Hidden beneath plush carpet are two concealed cargo-area storage compartments.
A variety of different sized compartments make the "hiding-spaces" ideal for valuables, small tools, or anything else that fits. Bonus: The bottoms of the two covers double as picnic trays -- complete with cupholders!
Located directly under the Infinity audio system is a small space that appears to be made for CD or cassette tape storage. However, both the CD case and individual CD were too large to fit properly and the audio system wasn't equipped with a cassette player, so I'm somewhat confused at its intended purpose.
The Reclining 60/40 "fold-flat" rear seats didn't really fold flat, however, we found the center armrest with dual cupholders, and adjustable head restraints to be pleasing. The section between the front seats was spacious and accommodating. The two cupholders were deep enough to safely brace a full cup and ended up doubling as coin-holders by week's end.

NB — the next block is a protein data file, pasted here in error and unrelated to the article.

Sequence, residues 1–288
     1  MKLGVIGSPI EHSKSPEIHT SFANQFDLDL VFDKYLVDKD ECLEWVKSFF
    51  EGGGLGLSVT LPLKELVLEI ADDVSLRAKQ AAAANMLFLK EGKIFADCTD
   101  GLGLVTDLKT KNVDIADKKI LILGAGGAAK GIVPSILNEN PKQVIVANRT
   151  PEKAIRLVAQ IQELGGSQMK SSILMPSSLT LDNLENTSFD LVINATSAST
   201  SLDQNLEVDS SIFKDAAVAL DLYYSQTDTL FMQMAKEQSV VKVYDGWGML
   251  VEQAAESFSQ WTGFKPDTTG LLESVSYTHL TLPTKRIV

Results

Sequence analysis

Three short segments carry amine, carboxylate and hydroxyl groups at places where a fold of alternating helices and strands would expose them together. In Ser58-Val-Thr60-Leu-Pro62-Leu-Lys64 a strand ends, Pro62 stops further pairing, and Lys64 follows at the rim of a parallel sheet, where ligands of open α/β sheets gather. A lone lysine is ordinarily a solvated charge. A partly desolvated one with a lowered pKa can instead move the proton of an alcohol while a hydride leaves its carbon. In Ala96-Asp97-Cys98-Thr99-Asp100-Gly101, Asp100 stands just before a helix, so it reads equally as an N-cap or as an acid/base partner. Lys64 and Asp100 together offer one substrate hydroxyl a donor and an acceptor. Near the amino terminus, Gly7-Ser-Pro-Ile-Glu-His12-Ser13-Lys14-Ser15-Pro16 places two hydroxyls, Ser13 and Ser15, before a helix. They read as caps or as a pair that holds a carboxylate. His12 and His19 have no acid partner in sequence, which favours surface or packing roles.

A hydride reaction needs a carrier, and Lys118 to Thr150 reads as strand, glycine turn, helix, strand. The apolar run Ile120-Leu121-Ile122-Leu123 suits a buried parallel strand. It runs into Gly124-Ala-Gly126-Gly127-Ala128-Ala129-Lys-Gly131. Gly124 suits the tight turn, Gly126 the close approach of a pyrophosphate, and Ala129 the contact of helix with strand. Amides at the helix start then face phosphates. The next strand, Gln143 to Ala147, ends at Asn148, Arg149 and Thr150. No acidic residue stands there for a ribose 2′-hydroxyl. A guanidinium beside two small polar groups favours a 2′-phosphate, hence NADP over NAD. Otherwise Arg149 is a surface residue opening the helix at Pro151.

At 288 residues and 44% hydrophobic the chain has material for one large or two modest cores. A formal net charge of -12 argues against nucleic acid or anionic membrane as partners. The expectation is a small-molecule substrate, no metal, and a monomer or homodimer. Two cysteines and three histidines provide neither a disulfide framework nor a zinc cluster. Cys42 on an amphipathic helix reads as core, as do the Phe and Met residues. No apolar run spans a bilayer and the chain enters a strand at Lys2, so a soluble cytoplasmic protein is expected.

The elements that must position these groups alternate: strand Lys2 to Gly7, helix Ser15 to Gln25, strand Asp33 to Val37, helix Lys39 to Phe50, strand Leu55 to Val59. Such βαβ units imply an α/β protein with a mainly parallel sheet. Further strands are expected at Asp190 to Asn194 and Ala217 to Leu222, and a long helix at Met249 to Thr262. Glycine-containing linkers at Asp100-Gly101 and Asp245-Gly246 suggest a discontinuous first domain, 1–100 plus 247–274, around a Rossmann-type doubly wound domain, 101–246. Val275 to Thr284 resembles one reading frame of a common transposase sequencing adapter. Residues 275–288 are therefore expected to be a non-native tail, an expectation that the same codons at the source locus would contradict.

Exclusive to the XLS model, integrated fender flares and side steps don the Montero Sport's signature two-tone paint accent in metallic beige. The power glass sunroof is part of the Mitsubishi's Premium Package, while the 220-pound load capacity roof rack and side steps are both dealer-installed options that are part of the Preferred Package.
The Montero Sport XLS, powered by an impressively responsive 3.0-liter SOHC 24V V6 with 173 horsepower and 188 lbs./ft of torque, receives my (and my mother's) applause. The XLS carried my family safely (and seemingly effortlessly) from the Sierra Foothills to the San Francisco Airport during one of the harshest storms California has faced this year. The Montero Sport swiftly maneuvered through the rain-drenched San Francisco traffic and provided a high yet sturdy stance -- necessary for waterlogged highway conditions.